Greece grandmother says contractor's repairs are already cracking after a year

June 15, 2017 09:51 PM

‘Tis the season for home improvement. But one Greece grandmother says her home improvement project didn't improve her home at all. She paid $3,700. A year and a half later, it’s covered in cracks, so for her consumer complaint, she Dialed Deanna and we started digging.

Regina Summers is a woman who plans ahead. She has lived in lovely one-story Greece home for more than 30 years. But at 85-years old, she knows the day will soon come when she will have to sell her home and move into a more manageable one. She didn’t want to her children to be burdened with making needed repairs before putting it on the market, so she decided to hire someone herself to repair her bricked chimney.

“It looked bad, really bad,” said Summers.

She said she found an ad in the Greece Post for Rochester Masonry and Stamp. Summers said the owner, Louis Piccirillo, told her he could cover the brick with a masonry product for far less than the cost of re-bricking the chimney. But a month later, it started to crack. It’s now been a year and a half and tiny cracks splinter across the chimney.

“I would hate to have someone else go through with what I did with him and spend that amount of money and come out with this mess," said Summers.

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Her son, Tom Kosmicki, says he called the contractor before starting the work.

"I thought I was asking the right questions.  I said, ‘What's your guarantee on cracking?’ He said, ‘Twenty years.’ So I said, ‘Put it in writing.’"

And Kosmicki said Piccirillo did just that. He wrote and signed the guarantee on a document titled “proposal.”

Summers and Komicki say it’s the only document the contractor gave them and the state attorney general's office says if that's the case, that's a problem. State law mandates that customers be given a written contract that includes the contractor's name, phone number, address, the schedule of completion, the payment schedule, and the list of materials used.

News10NBC Consumer Investigator Deanna Dewberry called Louis Piccirillo. We asked whether he was aware that New York General Business Law Section 771 requires that contractors give customers a contract if the work is for more than $500.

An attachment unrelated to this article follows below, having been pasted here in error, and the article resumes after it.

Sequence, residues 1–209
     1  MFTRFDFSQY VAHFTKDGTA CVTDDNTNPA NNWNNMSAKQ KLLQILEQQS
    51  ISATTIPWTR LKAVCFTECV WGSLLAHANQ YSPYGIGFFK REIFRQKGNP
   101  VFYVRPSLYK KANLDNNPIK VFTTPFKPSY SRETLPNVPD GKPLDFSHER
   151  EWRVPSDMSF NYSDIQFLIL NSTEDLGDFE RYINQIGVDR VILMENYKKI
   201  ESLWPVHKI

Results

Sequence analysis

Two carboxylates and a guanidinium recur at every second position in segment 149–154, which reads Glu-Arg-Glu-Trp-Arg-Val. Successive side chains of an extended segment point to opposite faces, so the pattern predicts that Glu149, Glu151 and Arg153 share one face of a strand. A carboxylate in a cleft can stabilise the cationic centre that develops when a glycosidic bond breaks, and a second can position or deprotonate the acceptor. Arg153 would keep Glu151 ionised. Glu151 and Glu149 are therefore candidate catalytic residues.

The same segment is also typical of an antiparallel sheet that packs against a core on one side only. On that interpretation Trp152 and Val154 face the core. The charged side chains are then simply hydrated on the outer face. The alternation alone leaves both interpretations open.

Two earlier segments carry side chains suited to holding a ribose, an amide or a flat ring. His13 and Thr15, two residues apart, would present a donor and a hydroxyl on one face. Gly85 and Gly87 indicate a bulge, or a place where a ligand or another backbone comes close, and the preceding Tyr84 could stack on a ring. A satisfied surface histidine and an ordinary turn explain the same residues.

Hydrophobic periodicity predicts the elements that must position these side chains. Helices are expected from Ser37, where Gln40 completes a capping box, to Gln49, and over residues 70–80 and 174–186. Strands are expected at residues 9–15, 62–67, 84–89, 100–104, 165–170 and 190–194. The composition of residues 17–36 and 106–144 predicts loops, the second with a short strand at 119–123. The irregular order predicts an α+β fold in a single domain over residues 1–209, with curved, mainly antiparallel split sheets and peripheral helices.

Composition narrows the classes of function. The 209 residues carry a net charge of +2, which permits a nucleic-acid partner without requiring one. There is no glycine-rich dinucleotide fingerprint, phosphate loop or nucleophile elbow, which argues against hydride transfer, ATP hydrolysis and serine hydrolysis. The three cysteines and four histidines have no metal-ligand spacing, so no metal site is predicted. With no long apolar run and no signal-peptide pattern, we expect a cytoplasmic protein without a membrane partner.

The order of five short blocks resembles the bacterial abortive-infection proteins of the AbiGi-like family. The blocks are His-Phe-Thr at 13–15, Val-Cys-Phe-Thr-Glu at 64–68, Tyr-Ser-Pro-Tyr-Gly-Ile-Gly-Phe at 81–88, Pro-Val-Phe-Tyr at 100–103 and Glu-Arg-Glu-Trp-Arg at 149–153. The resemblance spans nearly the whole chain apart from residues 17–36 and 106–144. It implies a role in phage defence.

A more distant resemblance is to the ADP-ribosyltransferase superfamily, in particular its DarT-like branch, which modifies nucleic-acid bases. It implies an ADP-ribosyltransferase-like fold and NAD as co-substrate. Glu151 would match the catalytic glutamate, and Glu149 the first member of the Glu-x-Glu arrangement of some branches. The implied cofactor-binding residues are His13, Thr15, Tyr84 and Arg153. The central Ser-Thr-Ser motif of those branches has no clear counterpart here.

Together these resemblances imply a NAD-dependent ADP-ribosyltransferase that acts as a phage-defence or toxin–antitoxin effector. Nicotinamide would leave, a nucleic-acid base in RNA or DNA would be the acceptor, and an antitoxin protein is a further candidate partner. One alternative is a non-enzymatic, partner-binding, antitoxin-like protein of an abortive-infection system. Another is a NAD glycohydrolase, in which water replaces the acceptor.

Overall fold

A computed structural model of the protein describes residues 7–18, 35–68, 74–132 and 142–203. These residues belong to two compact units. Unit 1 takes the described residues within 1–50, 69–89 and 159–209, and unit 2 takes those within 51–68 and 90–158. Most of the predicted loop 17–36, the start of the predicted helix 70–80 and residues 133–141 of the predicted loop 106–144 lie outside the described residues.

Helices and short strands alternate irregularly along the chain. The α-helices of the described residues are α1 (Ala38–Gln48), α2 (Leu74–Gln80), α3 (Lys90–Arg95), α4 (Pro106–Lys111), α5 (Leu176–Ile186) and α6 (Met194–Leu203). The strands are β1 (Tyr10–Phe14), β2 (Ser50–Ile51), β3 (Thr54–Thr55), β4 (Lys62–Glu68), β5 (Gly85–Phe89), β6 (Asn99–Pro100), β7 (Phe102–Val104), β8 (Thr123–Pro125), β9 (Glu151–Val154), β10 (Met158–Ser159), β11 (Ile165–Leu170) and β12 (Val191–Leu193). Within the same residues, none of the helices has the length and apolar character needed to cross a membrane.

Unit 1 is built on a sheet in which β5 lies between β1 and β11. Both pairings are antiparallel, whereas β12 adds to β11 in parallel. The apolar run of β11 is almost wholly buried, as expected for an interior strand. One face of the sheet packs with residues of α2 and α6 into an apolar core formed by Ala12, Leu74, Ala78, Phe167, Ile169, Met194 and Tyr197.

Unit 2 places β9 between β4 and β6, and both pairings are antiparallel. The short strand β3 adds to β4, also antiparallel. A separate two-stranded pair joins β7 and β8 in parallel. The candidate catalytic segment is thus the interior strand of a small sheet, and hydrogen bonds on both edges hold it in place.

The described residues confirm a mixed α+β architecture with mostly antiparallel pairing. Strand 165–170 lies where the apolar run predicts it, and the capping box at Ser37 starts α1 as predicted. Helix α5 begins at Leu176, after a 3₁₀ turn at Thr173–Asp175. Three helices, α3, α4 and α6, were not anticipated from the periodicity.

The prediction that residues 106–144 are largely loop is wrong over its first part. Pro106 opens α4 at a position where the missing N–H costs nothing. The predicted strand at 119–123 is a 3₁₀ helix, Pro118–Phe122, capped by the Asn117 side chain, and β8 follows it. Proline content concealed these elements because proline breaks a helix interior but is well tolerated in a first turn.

Piccirillo said he is aware of the law, but doesn't remember if he provided a contract and he denied giving them Summers a warranty. When we informed Piccirillo that we had a copy of the proposal and it stated there was a 20-year warranty against cracks, he refused to answer the question. He also refused to answer questions about his F rating with the Better Business Bureau. The site also lists a number of business names that Piccarillo has used including Full Masonry Services, Upstate Masonry and Stamp and JAS Development.

On the site, customers have left a number of complaints, some of which are similar to Summers.

As for Summers and her son, they’d like to be former customers. "Give us a refund, and we'll get someone who knows what they're doing and they're going to be on site,” said Kosmicki.

Louis Piccirillo told News10NBC he would fix the chimney at no charge, but Summers says he promised that before and didn't show up. Now she just wants her money back.

Before you hire a contractor, here's Deanna's Do List.

1. Get at least 3 bids.
2. Do a background check, like checking the Better Business Bureau.
3.  Ask for proof of insurance.
4. Get a written contract.  The Better Contractors Bureau has provided an example of what it should look like.
5.  Never pay full price up front.  The BBB suggests pay a third up front, a third in the middle, and a third at completion.
6. Report problems to the BBB, the Attorney General’s Office or the Better Contractors Bureau.


Deanna Dewberry

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